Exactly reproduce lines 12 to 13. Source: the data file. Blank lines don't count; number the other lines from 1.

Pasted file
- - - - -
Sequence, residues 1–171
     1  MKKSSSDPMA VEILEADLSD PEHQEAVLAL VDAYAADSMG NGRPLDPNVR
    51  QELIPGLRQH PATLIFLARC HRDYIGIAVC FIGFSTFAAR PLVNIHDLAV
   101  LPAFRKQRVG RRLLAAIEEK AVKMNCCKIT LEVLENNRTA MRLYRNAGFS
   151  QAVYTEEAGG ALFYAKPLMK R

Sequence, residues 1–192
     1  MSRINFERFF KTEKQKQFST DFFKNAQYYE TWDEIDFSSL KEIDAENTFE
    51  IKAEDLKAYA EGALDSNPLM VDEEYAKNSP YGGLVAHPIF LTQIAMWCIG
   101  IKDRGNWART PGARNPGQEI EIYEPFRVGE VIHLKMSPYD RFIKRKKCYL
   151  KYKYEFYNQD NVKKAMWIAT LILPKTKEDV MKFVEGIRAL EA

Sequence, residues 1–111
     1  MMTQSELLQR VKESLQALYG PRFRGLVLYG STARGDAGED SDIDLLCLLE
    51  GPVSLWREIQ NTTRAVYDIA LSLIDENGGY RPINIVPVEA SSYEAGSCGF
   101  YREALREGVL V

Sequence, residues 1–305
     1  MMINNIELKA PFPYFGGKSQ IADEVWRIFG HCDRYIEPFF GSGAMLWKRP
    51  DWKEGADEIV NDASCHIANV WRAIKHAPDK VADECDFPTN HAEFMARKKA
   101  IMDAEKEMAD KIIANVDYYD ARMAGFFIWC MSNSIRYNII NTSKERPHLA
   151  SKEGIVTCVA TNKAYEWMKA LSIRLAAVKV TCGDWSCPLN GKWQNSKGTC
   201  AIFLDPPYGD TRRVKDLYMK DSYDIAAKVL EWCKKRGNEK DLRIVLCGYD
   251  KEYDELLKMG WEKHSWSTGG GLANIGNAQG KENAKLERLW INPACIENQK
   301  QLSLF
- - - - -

     1  MMTQSELLQR VKESLQALYG PRFRGLVLYG STARGDAGED SDIDLLCLLE
    51  GPVSLWREIQ NTTRAVYDIA LSLIDENGGY RPINIVPVEA SSYEAGSCGF